How do you borrow $105 million and ultimately have to pay back almost $1 billion? Ask Poway Unified School District. It used a controversial form of borrowing called a capital appreciation bond, which allows it to borrow future tax dollars today. We explain why the district went for the deal and the uproar following our story in a recent edition of San Diego Explained.

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But that’s not all. One of the reasons Poway’s deal is so expensive is because it actually borrowed millions of dollars more upfront than the amount they say they did. The district did it despite a warning from state Attorney General Kamala Harris’s office, which said it was illegal. We break down how this all happened in the latest San Diego Explained:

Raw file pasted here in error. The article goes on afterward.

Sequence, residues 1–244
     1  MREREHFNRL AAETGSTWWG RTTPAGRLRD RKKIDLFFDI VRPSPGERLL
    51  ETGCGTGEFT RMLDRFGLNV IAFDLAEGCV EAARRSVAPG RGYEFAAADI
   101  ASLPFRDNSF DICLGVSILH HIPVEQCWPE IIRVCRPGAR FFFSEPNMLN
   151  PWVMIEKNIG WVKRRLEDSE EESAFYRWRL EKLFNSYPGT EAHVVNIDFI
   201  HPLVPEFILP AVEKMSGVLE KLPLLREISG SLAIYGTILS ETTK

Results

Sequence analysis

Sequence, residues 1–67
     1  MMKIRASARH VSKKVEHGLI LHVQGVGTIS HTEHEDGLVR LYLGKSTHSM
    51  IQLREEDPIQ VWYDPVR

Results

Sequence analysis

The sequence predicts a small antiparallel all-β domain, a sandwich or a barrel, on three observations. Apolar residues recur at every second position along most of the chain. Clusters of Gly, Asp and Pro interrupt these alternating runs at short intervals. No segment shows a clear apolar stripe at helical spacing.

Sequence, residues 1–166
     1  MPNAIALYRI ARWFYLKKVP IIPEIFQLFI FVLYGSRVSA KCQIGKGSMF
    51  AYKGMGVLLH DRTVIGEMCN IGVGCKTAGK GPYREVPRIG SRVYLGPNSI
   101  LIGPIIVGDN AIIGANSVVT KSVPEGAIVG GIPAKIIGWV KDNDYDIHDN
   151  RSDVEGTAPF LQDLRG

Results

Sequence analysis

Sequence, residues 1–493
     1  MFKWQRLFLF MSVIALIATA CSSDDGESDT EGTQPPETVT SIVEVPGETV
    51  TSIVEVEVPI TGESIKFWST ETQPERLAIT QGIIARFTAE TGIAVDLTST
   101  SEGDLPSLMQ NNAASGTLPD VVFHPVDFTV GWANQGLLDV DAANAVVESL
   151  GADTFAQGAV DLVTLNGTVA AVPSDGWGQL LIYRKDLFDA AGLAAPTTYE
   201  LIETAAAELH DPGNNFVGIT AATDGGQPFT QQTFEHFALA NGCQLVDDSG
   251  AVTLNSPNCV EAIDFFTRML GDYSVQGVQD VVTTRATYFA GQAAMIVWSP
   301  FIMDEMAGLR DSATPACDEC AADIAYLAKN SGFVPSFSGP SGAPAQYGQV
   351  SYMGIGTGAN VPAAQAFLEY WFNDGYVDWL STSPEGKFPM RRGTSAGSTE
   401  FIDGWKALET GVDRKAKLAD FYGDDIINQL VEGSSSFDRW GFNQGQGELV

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Want more? Check out nine important questions we answered about Poway schools’ borrowing.

Dagny Salas is the web editor at Voice of San Diego. You can contact her directly at or 619.550.5669.

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Dagny Salas was web editor at Voice of San Diego from 2010 to 2013. She was an investigative fellow at VOSD from 2009 to 2010.

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